Why You May Never Read News the Same Way Again

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Nearly a year ago, The New York Times set out to design a new way to view the news that’s specifically tailored for on-the-go people who live on multiple devices throughout their busy days. The new subscription offering needed to deliver the top stories of the day intelligently, succinctly, and visually—via sleek interfaces built for iPhones® as well as desktop and laptop computers. Most important, it needed to be worthy of the name “The New York Times.”

Two-time Pulitzer Prize–winning editor Clifford Levy was assigned to bring together the most innovative thinkers in technology with the most accomplished journalists in the world. NYT Now is the result of their efforts. And in April, it was named a “Best New App” by none other than Apple.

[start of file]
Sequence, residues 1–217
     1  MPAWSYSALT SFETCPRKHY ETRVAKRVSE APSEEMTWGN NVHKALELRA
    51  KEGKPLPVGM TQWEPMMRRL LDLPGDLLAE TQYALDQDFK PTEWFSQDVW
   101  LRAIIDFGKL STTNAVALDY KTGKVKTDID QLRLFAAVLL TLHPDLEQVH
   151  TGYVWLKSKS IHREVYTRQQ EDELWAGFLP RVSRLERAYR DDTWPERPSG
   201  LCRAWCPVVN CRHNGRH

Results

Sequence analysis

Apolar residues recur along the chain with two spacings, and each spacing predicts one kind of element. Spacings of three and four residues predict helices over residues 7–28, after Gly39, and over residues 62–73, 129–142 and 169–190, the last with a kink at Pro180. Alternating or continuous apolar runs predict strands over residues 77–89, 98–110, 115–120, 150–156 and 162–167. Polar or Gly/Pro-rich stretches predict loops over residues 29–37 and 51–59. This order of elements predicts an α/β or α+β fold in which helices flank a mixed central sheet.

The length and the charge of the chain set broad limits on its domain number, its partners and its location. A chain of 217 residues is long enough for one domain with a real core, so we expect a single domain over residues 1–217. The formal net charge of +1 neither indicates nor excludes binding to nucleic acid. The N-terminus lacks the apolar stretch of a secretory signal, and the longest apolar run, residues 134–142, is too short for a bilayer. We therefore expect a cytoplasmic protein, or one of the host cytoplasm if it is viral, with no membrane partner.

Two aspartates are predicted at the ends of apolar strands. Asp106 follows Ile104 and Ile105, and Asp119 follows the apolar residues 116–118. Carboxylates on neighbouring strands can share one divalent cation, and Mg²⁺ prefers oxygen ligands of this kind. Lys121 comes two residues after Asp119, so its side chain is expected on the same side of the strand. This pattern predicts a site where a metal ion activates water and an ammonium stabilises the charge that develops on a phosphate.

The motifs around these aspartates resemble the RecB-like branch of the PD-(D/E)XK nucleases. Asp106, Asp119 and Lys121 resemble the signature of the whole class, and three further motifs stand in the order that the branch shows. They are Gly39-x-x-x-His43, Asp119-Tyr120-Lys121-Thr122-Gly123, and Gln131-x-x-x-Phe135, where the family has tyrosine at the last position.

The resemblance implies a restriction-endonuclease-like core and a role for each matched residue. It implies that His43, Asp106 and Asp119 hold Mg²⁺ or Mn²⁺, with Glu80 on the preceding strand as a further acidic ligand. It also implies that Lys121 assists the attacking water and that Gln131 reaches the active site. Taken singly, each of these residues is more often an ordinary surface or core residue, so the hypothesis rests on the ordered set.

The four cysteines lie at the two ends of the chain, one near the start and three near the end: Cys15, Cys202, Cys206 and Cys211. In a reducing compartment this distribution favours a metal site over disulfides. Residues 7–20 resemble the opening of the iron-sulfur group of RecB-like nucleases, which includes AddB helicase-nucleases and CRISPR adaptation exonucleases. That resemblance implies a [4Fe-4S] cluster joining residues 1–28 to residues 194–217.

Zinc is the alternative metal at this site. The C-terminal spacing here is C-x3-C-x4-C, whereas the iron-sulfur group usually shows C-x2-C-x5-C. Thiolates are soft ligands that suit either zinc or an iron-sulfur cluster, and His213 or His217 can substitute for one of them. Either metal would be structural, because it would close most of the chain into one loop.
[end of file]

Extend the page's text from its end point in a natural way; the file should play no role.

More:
With NYT Now, subscribers can use the Times’ new mobile app for iPhone to quickly and easily access a specially curated feed of stories culled from the Times’ vast daily offerings and other trusted sources. An elegant scroll of pictures and headlines includes story summaries that give busy users the essential information they need to know. Readers can then either click through to the full article immediately, or use the “Save for Later” feature to easily access the story when time permits. And in addition to the mobile app, NYT Now subscribers also have access to these top stories via their desktop computers.

The day’s NYT Now coverage begins with a morning briefing that brings the issues of the moment into sharp focus. Updated throughout the day, the app offers a carefully selected roster of stories, along with a stream of articles from elsewhere, chosen by a dedicated staff of 15 to 20 Times editors working around the clock. An evening briefing rounds out the coverage, recapping the events of the day. And all this is offered for just $8 every four weeks, as compared to $15 for the Times’ lowest-priced Unlimited Digital Access web-and-smartphone subscription.

Sound interesting? Try a limited-time offer of four weeks free right now, and find out for yourself.

This advertising feature was produced by the marketing department of The New York Times and did not involve The New York Times' reporting or editing staff.